In celebration of the final weekend of this exhibition, Kara Walker: Cut to the Quick will be on view for free through January 16.
Learn About the Exhibition »
The Workshop is an online platform where members of the public offer their own responses to artworks and other content included in the exhibition Hank Willis Thomas: All Things Being Equal... Many of the voices in the Workshop belong to Greater Cincinnatians who are Black, Indigenous, or people of color. Responses will accumulate throughout the run of the exhibition, and will remain online after the exhibition closes.
The explanatory texts that appear on the walls of the museum are customarily written by curators, who balance factors including the artist’s point of view, institutional expectations, their own training and perspective, and the need to communicate with members of the public. Most but not all of the curators who wrote the explanatory texts in Hank Willis Thomas: All Things Being Equal... were trained in practices of social critique similar to those used by the artist, and are White. The purpose of the Workshop is to create space for more voices, views and ways of speaking about art to be heard.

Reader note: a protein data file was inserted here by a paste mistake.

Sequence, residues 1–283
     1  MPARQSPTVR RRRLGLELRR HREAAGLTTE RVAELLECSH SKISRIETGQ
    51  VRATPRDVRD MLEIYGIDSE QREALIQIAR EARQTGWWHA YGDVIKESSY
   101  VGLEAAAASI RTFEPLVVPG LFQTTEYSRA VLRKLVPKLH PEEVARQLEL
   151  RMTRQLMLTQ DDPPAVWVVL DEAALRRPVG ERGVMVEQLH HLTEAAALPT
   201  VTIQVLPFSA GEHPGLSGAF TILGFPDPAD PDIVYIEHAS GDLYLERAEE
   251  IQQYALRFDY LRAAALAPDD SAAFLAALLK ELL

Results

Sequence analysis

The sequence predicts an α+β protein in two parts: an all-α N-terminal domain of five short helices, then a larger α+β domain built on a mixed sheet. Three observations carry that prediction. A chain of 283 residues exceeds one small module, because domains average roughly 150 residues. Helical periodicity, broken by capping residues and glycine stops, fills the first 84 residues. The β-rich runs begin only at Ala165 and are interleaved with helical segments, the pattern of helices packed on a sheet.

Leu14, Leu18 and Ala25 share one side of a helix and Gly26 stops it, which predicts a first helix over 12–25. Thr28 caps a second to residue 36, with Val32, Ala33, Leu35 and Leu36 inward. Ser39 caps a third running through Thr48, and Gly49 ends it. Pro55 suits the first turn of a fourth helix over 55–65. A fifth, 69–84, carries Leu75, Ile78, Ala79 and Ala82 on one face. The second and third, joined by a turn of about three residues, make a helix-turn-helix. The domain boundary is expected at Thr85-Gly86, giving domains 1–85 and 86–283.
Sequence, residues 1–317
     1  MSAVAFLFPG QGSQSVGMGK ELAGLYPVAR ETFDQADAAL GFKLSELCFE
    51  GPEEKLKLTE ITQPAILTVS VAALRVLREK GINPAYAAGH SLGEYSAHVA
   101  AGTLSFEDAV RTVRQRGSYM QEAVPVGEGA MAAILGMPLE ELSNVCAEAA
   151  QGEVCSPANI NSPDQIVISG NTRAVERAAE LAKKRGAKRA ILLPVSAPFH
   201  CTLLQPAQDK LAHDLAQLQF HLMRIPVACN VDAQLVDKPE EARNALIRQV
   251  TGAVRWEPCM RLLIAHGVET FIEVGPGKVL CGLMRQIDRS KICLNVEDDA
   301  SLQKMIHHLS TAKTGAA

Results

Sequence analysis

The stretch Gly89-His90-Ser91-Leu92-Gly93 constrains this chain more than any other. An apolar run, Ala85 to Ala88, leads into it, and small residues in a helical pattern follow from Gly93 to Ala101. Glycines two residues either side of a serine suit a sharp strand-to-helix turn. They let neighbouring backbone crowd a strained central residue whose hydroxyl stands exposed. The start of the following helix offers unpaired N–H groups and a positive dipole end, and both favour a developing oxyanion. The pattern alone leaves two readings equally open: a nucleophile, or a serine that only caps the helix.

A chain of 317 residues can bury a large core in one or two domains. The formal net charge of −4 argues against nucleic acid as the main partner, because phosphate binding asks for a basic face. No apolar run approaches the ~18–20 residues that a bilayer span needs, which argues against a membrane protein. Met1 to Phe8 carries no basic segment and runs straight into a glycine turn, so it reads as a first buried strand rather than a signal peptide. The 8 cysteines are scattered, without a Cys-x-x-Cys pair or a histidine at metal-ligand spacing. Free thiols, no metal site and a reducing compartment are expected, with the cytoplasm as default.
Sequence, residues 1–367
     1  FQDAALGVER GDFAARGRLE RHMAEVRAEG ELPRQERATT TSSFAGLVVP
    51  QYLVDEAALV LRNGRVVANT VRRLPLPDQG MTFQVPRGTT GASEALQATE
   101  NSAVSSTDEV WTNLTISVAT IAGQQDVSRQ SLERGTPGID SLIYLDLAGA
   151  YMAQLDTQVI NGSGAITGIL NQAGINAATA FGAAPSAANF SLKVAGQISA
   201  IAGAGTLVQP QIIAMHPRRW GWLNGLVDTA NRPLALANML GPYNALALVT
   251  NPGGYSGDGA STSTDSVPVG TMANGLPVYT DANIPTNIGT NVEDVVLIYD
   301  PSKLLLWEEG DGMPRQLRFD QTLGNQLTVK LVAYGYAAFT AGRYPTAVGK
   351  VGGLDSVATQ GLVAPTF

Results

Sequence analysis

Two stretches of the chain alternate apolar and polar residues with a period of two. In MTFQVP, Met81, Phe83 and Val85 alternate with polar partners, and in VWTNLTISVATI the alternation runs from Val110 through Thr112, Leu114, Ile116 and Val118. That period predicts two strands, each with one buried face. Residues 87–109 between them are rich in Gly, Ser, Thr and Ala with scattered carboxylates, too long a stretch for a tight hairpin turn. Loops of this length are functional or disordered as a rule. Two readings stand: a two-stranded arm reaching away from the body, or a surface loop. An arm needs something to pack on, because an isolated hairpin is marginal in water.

Visitors to the exhibition galleries can access Workshop content by aiming a smartphone camera at QR codes provided with relevant artworks and exhibition elements. The Workshop is also available at sanitized iPad kiosks in the exhibition galleries, or remotely by visiting this website on any web-connected device.
If you would like to amplify the Workshop, please share it on your social media channels. If you would like to contribute your views to the Workshop or make a donation so that additional voices can be included, please contact [email protected]. All individuals who contribute responses to the Workshop are offered an honorarium.
Click an image to access responses to the pictured exhibition element.
The Workshop is made possible in part by:
Eric and Jan-Michele Kearney
Lennell and Pamela Rhodes Myricks